the 325 pieces/pound figure is very helpful (is this from your own experience?). I never saw the 1200 piece bin new, so I don't know how full it was originally, but I would guess that there were many more pieces in it after I filled it with the 10 pounds of legos.

Share this post


Link to post
Share on other sites

This is probably a terrible estimate as the plastic to air ratio is probably all over the map depending on the pieces in question, but the official Lego brick grab bags I pick up from time to time in the Lego Store are 1 quart zip bags and nearly always weigh just over a pound 1 pound and are about 3/4 full by volume. So if we were to top off each bag, that would add 1/3 again as much weight and at 4 quarts to the gallon that puts you at about 5 pound, 5 ounces but this is really a rough estimate as it really depends on which pieces are included and how tightly they're packed.

I've got a short PAB cup full of 1x1 tiles that weighs over a pound all by itself. I could imagine a bucket filled with large, mostly hollow parts that don't mesh well, like boat hulls and roof turrets, would drive the total weight down. The best we can offer is a statistical guess, but even then there can be confounding variables. I once entered a contest to guess the number of jelly beans in a jar. I got the same jar, measured the volume, studied the packing density of jelly beans, came up with a statistical guess based on extensive calculations and utterly failed to account for the volume of the three spring 'snakes' the contest organizers had hidden in the jar to pop out of it when it was finally opened. Hopefully there aren't any snake surprises hidden in the eBay offering...

Share this post


Link to post
Share on other sites

This is probably a terrible estimate as the plastic to air ratio is probably all over the map depending on the pieces in question, but the official Lego brick grab bags I pick up from time to time in the Lego Store are 1 quart zip bags and nearly always weigh just over a pound 1 pound and are about 3/4 full by volume.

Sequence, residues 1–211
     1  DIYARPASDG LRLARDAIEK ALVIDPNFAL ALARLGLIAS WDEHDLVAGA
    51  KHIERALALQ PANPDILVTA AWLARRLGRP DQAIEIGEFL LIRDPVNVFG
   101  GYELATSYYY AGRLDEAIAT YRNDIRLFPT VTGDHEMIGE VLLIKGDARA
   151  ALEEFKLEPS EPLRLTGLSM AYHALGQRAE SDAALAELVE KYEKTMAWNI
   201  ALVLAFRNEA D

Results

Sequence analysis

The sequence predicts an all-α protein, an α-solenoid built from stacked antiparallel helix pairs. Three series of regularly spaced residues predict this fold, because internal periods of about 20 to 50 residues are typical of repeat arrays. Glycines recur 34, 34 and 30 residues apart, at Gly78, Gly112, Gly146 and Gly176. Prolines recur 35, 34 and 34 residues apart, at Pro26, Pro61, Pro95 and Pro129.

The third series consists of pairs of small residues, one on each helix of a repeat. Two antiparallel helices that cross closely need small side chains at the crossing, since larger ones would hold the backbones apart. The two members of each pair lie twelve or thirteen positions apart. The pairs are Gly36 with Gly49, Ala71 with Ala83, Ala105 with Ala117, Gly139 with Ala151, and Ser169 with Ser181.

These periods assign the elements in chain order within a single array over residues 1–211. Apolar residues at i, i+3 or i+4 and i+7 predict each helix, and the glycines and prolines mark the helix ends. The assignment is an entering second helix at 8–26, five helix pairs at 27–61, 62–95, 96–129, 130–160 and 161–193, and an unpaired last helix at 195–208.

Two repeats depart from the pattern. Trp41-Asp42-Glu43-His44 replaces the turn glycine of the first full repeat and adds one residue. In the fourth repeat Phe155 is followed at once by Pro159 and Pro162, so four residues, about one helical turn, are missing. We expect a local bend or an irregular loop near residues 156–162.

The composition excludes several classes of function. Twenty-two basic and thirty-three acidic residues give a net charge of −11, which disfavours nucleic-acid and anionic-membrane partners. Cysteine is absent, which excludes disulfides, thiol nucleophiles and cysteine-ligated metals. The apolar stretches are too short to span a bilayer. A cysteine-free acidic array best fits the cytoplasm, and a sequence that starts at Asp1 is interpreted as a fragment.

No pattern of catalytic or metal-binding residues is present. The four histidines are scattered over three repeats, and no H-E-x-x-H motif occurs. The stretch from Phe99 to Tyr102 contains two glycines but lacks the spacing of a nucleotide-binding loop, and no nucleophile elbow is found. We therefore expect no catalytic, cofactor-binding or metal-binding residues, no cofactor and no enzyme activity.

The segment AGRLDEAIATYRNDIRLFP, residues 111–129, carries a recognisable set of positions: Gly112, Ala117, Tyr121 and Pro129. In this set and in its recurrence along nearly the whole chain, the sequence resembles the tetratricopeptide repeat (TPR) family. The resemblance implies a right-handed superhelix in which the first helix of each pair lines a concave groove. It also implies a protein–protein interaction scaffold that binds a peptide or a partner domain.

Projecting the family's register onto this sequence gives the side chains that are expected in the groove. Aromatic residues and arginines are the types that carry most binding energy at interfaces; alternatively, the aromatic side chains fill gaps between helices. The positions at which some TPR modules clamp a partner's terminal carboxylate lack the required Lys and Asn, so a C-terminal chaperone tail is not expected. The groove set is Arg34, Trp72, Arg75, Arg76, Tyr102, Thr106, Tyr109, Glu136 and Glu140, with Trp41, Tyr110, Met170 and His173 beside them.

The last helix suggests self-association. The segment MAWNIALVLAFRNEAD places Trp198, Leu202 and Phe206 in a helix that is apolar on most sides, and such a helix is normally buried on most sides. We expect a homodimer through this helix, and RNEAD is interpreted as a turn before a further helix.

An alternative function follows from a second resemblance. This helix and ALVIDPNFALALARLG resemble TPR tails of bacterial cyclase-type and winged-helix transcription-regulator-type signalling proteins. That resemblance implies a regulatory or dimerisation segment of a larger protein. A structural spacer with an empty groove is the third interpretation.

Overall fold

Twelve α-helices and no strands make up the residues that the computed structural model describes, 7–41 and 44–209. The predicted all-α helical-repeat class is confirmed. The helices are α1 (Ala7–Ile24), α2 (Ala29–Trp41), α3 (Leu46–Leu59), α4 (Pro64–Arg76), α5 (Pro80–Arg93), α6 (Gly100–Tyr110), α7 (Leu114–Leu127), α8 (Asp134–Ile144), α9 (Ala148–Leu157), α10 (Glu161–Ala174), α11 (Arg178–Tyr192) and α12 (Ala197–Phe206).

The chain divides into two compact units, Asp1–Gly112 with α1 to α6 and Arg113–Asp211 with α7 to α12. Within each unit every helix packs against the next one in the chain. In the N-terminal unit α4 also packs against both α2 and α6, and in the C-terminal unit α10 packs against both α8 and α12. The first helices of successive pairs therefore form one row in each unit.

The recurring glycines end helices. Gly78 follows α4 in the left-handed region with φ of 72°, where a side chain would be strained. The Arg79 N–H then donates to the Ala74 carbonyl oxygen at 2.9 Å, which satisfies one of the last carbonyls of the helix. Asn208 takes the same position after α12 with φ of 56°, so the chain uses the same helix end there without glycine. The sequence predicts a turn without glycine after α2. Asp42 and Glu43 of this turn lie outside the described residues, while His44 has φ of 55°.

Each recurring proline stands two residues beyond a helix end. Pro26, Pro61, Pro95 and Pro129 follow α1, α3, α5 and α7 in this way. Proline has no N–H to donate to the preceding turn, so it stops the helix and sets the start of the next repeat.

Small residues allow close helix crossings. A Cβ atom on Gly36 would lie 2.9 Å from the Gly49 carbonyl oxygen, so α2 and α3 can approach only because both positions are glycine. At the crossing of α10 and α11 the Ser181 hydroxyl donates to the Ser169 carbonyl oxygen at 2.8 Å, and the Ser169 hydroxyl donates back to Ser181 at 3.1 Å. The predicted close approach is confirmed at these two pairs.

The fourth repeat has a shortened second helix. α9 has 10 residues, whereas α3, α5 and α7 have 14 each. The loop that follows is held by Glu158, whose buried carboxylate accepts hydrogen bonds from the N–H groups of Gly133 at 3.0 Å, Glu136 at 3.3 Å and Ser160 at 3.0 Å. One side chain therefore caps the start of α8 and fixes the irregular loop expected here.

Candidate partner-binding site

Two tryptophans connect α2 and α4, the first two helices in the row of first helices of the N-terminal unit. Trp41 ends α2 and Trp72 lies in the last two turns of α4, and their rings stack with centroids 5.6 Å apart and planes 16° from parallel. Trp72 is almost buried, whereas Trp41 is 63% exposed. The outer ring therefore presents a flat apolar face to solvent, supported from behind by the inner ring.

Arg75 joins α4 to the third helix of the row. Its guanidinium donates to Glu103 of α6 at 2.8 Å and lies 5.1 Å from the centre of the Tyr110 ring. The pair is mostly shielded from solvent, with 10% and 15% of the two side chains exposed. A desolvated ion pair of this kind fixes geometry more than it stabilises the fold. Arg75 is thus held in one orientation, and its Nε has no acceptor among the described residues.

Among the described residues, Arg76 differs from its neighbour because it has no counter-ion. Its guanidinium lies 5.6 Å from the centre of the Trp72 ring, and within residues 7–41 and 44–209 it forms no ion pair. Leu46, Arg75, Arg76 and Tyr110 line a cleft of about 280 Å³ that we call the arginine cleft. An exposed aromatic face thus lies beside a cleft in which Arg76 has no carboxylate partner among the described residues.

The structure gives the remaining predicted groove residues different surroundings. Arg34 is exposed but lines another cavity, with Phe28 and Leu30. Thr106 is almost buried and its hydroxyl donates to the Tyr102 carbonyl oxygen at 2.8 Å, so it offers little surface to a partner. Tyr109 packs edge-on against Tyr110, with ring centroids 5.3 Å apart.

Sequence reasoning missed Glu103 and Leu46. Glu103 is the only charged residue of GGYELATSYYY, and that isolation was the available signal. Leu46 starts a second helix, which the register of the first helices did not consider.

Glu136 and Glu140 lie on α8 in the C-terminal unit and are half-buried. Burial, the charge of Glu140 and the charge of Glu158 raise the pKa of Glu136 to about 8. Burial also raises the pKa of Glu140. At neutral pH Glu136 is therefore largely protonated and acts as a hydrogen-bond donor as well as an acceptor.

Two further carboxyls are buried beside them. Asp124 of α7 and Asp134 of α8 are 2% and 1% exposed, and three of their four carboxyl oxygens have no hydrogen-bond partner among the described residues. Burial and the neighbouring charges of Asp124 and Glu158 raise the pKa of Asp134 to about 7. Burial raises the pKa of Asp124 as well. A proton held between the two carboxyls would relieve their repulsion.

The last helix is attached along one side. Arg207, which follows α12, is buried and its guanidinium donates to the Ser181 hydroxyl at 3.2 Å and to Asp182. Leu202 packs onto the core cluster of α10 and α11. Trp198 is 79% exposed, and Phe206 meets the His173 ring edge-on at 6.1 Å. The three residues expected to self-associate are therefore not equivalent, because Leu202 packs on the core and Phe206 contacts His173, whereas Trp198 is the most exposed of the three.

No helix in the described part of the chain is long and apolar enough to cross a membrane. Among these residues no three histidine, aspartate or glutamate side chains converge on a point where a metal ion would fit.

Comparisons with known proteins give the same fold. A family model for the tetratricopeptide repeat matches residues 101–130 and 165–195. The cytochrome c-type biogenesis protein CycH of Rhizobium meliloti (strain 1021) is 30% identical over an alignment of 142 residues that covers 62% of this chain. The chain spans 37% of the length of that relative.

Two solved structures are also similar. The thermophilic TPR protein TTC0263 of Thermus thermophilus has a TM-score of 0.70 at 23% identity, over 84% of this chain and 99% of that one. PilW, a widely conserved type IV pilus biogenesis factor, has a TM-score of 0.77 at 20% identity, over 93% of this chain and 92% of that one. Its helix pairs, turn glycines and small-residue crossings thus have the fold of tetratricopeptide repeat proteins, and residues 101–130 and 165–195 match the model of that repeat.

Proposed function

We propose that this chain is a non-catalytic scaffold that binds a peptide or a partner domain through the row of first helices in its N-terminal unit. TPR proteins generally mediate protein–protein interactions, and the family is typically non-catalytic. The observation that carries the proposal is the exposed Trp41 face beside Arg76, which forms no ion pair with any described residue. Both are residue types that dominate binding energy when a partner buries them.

(...)

I got the same jar, measured the volume, studied the packing density of jelly beans, came up with a statistical guess based on extensive calculations and utterly failed to account for the volume of the three spring 'snakes' the contest organizers had hidden in the jar to pop out of it when it was finally opened. Hopefully there aren't any snake surprises hidden in the eBay offering...

Lol for the spring story.

I weigh my grab bags as well, of course. Maybe they use different bags in the US, but I'd guess they contain a quart (which is roughly a liter) at most, probably a bit less. Again, I usually go for the well-filled ones, and the average weight is 274 grams, which is significantly less than a pound.

Well, as others have said, it really depends on the way it is packed - whether the Lego is loose, or assembled, and what kind of bricks it is. In any way, volume is a horrible way to measure Lego.

Share this post


Link to post
Share on other sites

I did some checking on average weight some years back, and came out with about 350/pound:

http://news.lugnet.com/general/?n=52892

But that'll depend (obviously) on what types of elements you've got. If you have basic building tubs, your average will probably be lower, because they're full of large pieces. And if you've got a lot of technic, it'll probably be higher.